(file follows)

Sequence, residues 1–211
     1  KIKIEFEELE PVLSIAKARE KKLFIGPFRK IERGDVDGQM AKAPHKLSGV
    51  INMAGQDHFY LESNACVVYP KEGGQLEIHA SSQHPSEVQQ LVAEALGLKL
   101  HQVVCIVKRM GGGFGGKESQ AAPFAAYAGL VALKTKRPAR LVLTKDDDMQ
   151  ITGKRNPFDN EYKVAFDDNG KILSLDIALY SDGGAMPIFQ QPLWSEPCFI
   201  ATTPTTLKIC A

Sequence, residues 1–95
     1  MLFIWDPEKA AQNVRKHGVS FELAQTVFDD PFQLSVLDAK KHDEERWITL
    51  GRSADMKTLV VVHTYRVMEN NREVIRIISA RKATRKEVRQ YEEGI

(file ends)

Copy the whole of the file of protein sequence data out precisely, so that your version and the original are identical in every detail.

Sequence, residues 1–211
     1  KIKIEFEELE PVLSIAKARE KKLFIGPFRK IERGDVDGQM AKAPHKLSGV
    51  INMAGQDHFY LESNACVVYP KEGGQLEIHA SSQHPSEVQQ LVAEALGLKL
   101  HQVVCIVKRM GGGFGGKESQ AAPFAAYAGL VALKTKRPAR LVLTKDDDMQ
   151  ITGKRNPFDN EYKVAFDDNG KILSLDIALY SDGGAMPIFQ QPLWSEPCFI
   201  ATTPTTLKIC A

Sequence, residues 1–95
     1  MLFIWDPEKA AQNVRKHGVS FELAQTVFDD PFQLSVLDAK KHDEERWITL
    51  GRSADMKTLV VVHTYRVMEN NREVIRIISA RKATRKEVRQ YEEGI